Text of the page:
It might alarm you, as you work on your next song, to discover that your mind is wandering and you feel — quite frankly — bored. Surely, if you’re bored as you work out your next tune, your audience is going to be bored as well.
Actually, boredom and being generally distracted while writing songs, is common, and can be quite useful. But more specifically, being bored before you write your next song can be an important part of the songwriting process. Here’s how that might work.
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Back in 2014, two researchers, Sandi Mann and Rebekah Cadman, produced a paper in which they published findings of a set of experiments that measured the level of creativity in participants after they had engaged in some mundane tasks, like copying numbers out of a phone book, and then followed that activity up with a more creative task, like trying to come up with as many uses as they could for a pair of plastic cups.
The studies showed that the more mundane and passive the boring task was, the more creative the participants became when required to come up with imaginative solutions to problems. (You can read their abstract here: “Does Being Bored Make Us More Creative?“)
Mann and Cadman’s research may simply be showing something that many songwriters already know, which is that starting the creative process by doing something calming, such as sitting with a cup of coffee and daydreaming, or going for a walk, can actually put you in a better frame of mind for getting your daily songwriting tasks started.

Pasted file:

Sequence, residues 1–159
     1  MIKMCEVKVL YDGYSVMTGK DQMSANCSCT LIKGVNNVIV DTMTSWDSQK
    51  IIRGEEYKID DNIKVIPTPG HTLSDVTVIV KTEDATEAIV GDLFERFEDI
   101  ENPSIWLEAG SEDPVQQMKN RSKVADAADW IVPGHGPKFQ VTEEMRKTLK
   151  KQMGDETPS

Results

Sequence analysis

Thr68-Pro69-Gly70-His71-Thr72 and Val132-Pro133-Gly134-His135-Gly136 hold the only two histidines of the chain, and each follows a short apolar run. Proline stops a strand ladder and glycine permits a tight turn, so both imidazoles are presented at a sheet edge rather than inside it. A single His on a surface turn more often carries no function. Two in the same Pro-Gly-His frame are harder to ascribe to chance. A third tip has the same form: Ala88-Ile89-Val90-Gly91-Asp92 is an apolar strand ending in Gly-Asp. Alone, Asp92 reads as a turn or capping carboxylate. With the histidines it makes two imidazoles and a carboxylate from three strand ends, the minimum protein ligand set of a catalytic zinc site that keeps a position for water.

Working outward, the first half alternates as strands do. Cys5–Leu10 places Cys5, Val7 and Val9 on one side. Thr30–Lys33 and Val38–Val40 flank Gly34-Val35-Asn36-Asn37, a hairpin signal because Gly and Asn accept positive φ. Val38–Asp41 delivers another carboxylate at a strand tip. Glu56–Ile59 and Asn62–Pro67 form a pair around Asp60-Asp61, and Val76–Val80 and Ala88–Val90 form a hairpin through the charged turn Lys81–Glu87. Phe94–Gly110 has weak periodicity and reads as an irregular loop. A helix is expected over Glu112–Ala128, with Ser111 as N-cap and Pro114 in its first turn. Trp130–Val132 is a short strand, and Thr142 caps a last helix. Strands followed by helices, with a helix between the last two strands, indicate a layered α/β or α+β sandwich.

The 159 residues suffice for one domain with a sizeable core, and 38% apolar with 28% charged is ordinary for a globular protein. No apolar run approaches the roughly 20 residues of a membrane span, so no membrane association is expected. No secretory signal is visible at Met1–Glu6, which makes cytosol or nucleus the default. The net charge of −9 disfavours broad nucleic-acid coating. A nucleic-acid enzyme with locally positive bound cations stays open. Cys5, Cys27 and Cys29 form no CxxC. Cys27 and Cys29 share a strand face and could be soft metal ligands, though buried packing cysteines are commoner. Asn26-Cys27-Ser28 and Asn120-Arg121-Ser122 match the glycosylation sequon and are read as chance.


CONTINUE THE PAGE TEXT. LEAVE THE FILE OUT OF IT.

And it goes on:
Creativity is a complex aspect of being human. Generally, as you create one idea, you experience a shot of creative excitement that helps you to generate more ideas, often in quick succession. But it’s very common for that creative burst to dry up quickly and leave you feeling a bit empty — a bit creatively “stunted.” And that can happen several times within the same songwriting session.
It’s at that point that you need a bit of time to allow the creative juices to reestablish themselves. And as a songwriter, you’re probably quite familiar with the up and down of your creative powers.
Starting your songwriting process with something humdrum and distracting can set your mind up for something much more imaginative. In Mann and Cadman’s experiments, the activities were writing numbers out of a phone book, and then actually just reading the numbers in a phone book.
For you, it could be anything that allows your brain to move as far away as possible from songwriting. Maybe that Wordl that you play every morning suddenly has an important role to play!
In any case, it might be good to now think of those ten or fifteen minutes before you start your songwriting tasks for the day as an important part of the process. A mindless cup of coffee? I’m in favour of that!
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